Thursday, March 19, 2015

Interesting precedent.
Target hack victims could get up to $10,000
Target is proposing to pay customers who suffered from a 2013 data breach up to $10,000 each in damages.
The proposal is part of a $10 million offer by Target to settle a class action lawsuit. Victims able to prove they were harmed by the breach, which affected up to 110 million customers, will be eligible for up to $10,000 each.
… In addition, Target (TGT) is required to improve its data security, including the designation of a chief information security officer. The company must also provide security training to its employees.
… Under the terms of the proposed settlement, Target customers who can prove they were damaged by the data breach will get the first shot at the $10 million. For example, victims will be reimbursed for unauthorized credit card charges, bank fees or costs related to replacement IDs -- so long as they are documented.
After those claims are paid, any remaining settlement funds will be evenly distributed to class members without documentation.

… While it's yet to be formally signed off, the settlement documentation is thorough—enough to include a draft of the form that victims will fill in to make a claim

Not what you want your breach victims to hear. However the audit states (kind of) that Premera does have adequate security management. We will have to wait to see if anything the auditors found is related to the breach.
Mike Baker reports:
Three weeks before hackers infiltrated Premera Blue Cross, federal auditors warned the company that its network-security procedures were inadequate.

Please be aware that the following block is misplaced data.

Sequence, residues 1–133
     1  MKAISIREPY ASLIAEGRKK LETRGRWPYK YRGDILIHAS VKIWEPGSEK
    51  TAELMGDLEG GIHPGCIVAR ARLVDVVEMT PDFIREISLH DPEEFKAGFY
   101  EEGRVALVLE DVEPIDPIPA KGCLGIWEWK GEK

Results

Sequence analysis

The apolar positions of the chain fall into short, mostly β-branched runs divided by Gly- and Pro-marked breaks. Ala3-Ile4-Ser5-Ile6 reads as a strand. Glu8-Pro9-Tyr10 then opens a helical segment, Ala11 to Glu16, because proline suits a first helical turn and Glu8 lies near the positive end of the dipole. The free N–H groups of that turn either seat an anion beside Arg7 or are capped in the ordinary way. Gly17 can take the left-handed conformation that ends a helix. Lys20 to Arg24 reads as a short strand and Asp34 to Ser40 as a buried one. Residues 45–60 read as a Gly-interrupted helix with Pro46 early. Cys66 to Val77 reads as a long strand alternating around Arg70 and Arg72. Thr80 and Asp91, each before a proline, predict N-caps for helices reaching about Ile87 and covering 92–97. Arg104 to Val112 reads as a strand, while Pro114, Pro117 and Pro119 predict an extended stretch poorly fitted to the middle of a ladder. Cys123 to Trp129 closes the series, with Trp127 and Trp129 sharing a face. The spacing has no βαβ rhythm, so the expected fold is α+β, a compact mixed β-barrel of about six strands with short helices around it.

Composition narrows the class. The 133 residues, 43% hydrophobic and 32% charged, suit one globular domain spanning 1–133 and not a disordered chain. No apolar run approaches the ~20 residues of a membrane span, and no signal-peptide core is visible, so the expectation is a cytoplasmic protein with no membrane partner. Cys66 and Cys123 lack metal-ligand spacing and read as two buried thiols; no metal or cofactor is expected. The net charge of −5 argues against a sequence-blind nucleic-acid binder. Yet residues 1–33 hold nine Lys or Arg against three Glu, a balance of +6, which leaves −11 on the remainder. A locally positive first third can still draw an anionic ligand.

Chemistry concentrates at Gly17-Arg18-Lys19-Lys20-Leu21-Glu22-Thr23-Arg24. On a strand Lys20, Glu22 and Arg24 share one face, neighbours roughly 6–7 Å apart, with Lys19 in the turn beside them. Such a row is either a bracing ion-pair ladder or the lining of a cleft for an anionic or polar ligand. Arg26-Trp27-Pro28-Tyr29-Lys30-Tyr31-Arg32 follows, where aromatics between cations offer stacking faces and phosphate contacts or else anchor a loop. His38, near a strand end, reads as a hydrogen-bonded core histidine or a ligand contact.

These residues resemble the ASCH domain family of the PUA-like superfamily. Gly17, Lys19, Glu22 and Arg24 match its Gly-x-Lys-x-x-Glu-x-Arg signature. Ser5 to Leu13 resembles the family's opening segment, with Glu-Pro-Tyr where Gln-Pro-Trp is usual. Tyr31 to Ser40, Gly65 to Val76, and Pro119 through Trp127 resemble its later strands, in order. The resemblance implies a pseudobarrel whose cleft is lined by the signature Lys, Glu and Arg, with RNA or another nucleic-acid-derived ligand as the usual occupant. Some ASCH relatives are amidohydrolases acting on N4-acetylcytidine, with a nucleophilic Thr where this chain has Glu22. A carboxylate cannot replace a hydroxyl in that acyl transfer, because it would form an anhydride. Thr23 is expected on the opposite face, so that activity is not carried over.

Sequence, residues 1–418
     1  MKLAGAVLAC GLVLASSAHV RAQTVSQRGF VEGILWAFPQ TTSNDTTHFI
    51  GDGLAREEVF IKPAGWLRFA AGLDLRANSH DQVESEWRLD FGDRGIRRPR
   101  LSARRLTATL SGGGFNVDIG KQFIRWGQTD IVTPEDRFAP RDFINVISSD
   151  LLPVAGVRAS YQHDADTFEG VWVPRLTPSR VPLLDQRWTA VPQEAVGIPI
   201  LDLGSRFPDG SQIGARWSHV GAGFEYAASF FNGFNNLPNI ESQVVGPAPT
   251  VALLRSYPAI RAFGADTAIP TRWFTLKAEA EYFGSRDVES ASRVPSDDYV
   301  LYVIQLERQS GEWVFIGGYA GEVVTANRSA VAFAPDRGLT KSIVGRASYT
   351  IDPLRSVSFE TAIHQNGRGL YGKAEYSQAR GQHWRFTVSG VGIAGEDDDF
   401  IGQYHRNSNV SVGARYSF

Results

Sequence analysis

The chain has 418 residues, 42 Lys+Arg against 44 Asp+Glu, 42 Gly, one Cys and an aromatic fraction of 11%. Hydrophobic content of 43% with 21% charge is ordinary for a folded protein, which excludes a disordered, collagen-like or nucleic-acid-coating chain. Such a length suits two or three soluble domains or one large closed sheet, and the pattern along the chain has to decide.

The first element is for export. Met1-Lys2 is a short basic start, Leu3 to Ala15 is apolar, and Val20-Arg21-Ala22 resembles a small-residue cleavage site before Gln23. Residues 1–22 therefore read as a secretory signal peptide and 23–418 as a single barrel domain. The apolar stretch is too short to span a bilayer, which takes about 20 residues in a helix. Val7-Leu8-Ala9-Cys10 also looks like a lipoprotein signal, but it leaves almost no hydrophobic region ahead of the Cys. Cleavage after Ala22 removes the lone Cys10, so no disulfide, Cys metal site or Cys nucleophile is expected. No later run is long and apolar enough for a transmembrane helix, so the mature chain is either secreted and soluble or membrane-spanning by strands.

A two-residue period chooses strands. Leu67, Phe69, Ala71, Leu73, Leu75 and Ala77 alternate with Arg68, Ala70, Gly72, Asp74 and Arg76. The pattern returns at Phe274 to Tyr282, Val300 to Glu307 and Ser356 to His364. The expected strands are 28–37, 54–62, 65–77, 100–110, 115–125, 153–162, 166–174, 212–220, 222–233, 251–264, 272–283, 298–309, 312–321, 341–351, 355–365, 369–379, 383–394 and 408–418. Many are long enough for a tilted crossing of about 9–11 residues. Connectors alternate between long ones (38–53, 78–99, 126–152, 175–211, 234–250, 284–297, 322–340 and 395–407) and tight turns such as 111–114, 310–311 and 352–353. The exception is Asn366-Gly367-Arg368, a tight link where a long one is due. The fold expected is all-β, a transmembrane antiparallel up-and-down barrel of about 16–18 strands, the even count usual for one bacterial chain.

Officials gave 10 recommendations for Premera to fix problems, saying some of the vulnerabilities could be exploited by hackers and expose sensitive information. Premera received the audit findings April 18 last year, according to federal records.
Read more on Seattle Times.
I’m waiting for someone to discuss whether if OCR had been more actively auditing covered entities, the Anthem and Premera breaches would have occurred.
[From the article:
The auditors also found that several servers contained software applications so old that they were no longer supported by the vendor and had known security problems, that servers contained “insecure configurations” that could grant hackers access to sensitive information, and that Premera needed better physical controls to prevent unauthorized access to its data center.
[The audit report:

Another example of words you don't want your breach victims (or their lawyers) to hear. Also interesting, the words you don't hear form Anthem.
Sarah Ferris reports:
Leaders of the Senate’s health committee are accusing insurer giant Anthem of failing to inform millions of people who may have been affected by a massive data breach last month.